April 10, 2011 | Commentary on National Security and Defense
It was known as a hard luck division -- until the day it got lucky.
In Normandy, the 90th Division suffered more casualties than almost every other combat division. Two division commanders had already been relieved. Almost nothing seemed to go right. Until late July 1944.
That's when the 90th got laced by German artillery fire ... and got very lucky indeed. None of the rounds exploded. Engineers inspecting the shells found they'd been loaded with sawdust. It was noted in the unit combat log -- and forgotten.
Americans did not yet know that slave labor manufactured German munitions. Some deliberately sabotaged the ammunition bound for the front. They knew that, if discovered, their defiant acts would lead to torture and death. But these nameless, enslaved heroes did it anyway.
The soldiers of the 90th never suspected they owed their lives to that anonymous courage. They just pressed on, fighting for freedom. At war's end, they liberated one of Hitler's concentration camps -- a fitting, albeit unconscious payback.
Today, we know this story of GIs and Holocaust victims joining forces against the Nazis -- without even knowing they were brothers in arms -- but only because of the records held at the Army Historical Education Center at the Army War College in Carlisle, Pa.
A huge repository of official military records, as well as private records kept by the nation's soldiers, the center houses everything from Civil War photographs to letters home.
For decades, researchers and scholars have used these archives to inform the development of Army leadership and strategy. For example, scholars from the center used insights gleaned from its holdings to help craft the successful counterinsurgency doctrines implemented in Iraq and Afghanistan.
And, when it comes to Army history and tradition, the center serves as the indispensable keeper of the flame. Books like Rick Atkinson's Pulitzer Prize-winning "An Army at Dawn" and Ken Burns' magisterial documentary series on the Civil War could not have been created without the materials housed at the center.
Yet, the center now is on the chopping block. The Army's Training Program Evaluation Group has concluded that the center is "no longer relevant" and has "no operational impact."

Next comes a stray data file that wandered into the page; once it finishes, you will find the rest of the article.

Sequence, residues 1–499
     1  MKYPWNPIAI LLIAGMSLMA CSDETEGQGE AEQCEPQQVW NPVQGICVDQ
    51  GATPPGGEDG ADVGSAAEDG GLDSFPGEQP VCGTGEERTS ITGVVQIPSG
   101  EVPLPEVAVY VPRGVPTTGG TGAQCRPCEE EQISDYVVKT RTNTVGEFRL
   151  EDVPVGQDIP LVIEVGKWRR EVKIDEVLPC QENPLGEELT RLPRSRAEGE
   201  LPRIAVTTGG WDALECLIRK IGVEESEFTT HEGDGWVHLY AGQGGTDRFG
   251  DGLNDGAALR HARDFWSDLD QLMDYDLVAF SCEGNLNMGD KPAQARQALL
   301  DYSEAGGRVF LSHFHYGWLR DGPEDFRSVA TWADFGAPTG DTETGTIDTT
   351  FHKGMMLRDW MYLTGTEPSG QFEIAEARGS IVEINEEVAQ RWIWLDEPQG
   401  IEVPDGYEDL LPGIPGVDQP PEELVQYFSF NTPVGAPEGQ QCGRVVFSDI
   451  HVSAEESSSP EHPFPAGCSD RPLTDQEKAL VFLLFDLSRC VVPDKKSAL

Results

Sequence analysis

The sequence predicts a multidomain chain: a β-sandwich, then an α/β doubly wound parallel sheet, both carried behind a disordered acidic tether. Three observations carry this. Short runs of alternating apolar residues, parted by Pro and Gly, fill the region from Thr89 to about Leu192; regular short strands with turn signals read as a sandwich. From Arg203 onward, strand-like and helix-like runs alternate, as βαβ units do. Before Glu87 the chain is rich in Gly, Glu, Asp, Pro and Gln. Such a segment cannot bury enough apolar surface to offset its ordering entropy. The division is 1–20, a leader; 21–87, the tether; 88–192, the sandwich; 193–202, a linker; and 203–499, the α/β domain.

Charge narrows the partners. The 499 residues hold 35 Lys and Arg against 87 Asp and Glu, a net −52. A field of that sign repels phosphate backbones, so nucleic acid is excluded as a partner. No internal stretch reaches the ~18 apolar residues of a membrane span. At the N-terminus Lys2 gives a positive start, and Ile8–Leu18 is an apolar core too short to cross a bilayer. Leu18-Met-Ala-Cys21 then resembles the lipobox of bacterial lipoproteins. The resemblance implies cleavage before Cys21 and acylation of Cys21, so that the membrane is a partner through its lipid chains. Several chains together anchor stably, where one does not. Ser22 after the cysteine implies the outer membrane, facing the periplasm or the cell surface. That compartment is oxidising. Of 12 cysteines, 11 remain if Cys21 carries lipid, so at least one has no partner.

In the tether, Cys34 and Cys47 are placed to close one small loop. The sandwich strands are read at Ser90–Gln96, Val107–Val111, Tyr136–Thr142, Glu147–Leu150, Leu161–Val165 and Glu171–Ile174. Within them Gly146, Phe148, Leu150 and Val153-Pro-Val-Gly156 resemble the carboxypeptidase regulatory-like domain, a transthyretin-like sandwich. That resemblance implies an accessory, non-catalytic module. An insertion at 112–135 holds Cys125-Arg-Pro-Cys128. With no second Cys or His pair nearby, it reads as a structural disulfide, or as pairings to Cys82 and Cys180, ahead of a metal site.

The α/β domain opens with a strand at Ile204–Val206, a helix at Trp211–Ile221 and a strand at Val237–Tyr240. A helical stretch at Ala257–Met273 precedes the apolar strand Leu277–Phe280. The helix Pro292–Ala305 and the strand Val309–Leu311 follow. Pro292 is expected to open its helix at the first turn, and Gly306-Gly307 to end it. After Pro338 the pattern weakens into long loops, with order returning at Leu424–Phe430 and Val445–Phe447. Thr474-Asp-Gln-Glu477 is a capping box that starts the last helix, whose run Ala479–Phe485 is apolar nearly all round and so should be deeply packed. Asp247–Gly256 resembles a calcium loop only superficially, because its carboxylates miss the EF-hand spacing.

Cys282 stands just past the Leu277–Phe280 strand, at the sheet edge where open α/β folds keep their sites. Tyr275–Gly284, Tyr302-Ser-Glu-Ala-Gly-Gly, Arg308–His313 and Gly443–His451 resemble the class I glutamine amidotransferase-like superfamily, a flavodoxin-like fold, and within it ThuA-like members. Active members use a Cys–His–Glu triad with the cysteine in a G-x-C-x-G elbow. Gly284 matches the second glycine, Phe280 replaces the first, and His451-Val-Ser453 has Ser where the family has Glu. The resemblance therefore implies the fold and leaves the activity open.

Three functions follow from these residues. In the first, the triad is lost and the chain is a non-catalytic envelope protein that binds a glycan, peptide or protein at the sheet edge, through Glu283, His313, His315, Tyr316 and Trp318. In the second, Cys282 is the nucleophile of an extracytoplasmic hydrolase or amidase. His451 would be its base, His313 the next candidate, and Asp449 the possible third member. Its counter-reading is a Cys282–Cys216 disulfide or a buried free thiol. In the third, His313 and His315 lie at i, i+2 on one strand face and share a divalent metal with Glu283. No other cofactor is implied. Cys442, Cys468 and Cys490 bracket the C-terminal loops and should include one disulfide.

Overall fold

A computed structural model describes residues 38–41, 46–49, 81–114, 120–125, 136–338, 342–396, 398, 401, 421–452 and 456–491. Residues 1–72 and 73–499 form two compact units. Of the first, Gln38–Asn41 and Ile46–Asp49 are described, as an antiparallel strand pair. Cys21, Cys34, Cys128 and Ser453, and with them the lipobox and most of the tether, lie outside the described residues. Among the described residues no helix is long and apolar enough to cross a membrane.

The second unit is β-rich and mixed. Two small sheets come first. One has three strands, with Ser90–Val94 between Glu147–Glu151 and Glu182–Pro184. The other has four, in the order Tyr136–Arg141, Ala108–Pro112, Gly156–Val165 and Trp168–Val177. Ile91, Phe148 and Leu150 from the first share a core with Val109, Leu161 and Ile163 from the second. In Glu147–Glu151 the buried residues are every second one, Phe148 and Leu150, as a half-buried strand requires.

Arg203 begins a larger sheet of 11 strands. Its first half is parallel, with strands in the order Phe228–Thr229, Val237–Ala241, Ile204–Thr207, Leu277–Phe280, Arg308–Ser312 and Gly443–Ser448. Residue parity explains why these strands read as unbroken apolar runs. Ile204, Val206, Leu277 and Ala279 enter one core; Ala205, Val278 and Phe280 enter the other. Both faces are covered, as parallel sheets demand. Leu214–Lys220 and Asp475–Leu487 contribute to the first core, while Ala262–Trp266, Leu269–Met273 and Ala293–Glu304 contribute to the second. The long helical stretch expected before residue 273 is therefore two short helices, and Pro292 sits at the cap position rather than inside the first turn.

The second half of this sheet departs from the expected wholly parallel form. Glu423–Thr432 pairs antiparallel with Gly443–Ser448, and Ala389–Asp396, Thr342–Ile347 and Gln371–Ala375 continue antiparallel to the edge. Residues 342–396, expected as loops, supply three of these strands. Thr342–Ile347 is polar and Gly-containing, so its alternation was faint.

It's not at all clear how the group reached this conclusion, but the motivation behind it is easy to discern. At every turn, Defense Secretary Robert Gates' campaign to eliminate wasteful Pentagon spending produces yet another poorly chosen sacrificial lamb.
Eliminating the Army Historical Education Center is anything but an act of efficiency. As one historian rightly noted, closing the center would amount to "lobotomizing" the Army.
Gates' much ballyhooed budget cuts are nothing so much as a "bait and switch" campaign fleecing the American taxpayer. On close scrutiny, many of his promised "efficiencies" look more like capability-diminishing cuts. In many cases, these short-term "savings" will cost taxpayers much more in the long term.
Short-changing the military's capacity to think thoughtfully about the past (so it can face the future more creatively) is a lot like saving a few bucks on housing costs by canceling your homeowner's insurance policy.
It's "smart budgeting" only until the moment when real disaster strikes -- a fire breaks out in the kitchen ... or a firefight in the Middle East.
A seasoned Washington insider, Gates knows exactly how bureaucracies work. When the top brass orders career guys to "find efficiencies," they'll find them -- even where they can't be found.
Gates also knows to whom he reports -- a presidential administration prone to forget that the military is the shield of the republic. Rather, this administration regards the defense budget as a cash cow to be milked to preserve pet domestic programs. These people should read some history.
James Jay Carafano is a senior research fellow for national security at the Heritage Foundation.
First appeared in The Washington Examiner